Social Workers are concerned with improving the health and quality of life of persons who are disconnected or excluded from larger society. Social Workers engage in practice at all levels, from working with children to working with communities and governments. The profession and the program at Monmouth are particularly concerned with social and economic justice, the representation and support of vulnerable or oppressed segments of the population, and direct action strategies to bring about positive change for the disenfranchised.
Monmouth University offers an undergraduate degree, BSW in Social Work, as well as a graduate degree, MSW in Social Work. Both are nationally accredited.
The central mission of the School of Social Work at Monmouth University is to prepare its graduates for professional practice with a commitment to advancing human rights by implementing social and economic justice, improving the quality of life of vulnerable families, individuals, organizations, communities and nations on the local, national, and international levels.
Two Important Themes
The School of Social Work has developed curricula focusing on two important themes:
The Strengths Perspective
The strengths perspective is an approach to assessment in social work. It embodies efforts to tap into recognized capabilities and assets of families, individuals, organizations, communities, and nations. Strengths based assessment demands a different way of looking at families, individuals, organizations, communities, and nations. All must be seen in the light of their capabilities, talents, competencies, possibilities, visions, values, and hopes, however dashed and distorted these may have become through domination, oppression, and trauma.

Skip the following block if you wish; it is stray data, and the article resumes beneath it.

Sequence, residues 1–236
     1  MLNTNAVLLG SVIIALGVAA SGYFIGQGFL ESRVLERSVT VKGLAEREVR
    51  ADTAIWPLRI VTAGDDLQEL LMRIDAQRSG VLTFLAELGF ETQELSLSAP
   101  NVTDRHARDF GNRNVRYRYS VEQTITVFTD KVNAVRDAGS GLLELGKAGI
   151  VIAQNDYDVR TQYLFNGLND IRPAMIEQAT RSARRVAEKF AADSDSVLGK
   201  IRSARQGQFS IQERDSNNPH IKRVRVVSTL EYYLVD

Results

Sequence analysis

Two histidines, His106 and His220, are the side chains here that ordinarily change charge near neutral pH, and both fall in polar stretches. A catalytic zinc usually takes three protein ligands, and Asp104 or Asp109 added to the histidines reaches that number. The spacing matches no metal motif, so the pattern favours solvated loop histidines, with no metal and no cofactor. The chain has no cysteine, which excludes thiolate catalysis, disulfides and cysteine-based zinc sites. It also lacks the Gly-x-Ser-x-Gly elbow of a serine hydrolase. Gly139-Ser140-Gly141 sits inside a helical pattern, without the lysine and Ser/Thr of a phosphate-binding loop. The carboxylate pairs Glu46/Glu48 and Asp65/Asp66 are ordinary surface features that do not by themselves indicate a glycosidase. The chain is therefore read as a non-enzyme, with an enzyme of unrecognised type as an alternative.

Empowerment is the process of increasing personal, political, educational, and/or economic power so that families, individuals, communities, organizations, and nations can take action to improve their situations. The empowerment perspective employs intervention strategies intended to advance human rights by implementing social and economic justice. This includes preserving and restoring human dignity, and benefiting from and celebrating the diversities of humanity. Self and society are transformed to welcome and support the voices, the potential, the ways of knowing, and the energies of us all. Empowerment involves the redistribution resources so that the voices and visions of persons previously excluded from resources, knowledge, decisions and power are included. It is a process through which people gain the power and resources necessary to shape our world and reach our full, human potential as members of families in a global context.
Understanding families within a global context recognizes that at this juncture in history, the local environments in which we live no longer solely define families. The definitions of family are expanding to include biological, legal, spiritual, and families of choice. The theme of families in a global context acknowledges that some individuals are in transition between their family of origin and their family of creation. Some individuals are without family by choice or circumstances, or may be in transition towards a new family of creation. Globalization and internationalization are increasingly replacing the local community as the basis for social identity.
Our global perspective on families informs both of our MSW tracks, Clinical Practice with Families and Children, and International and Community Development, as they develop students’ knowledge, values, and skills to advance human rights by implementing social and economic justice.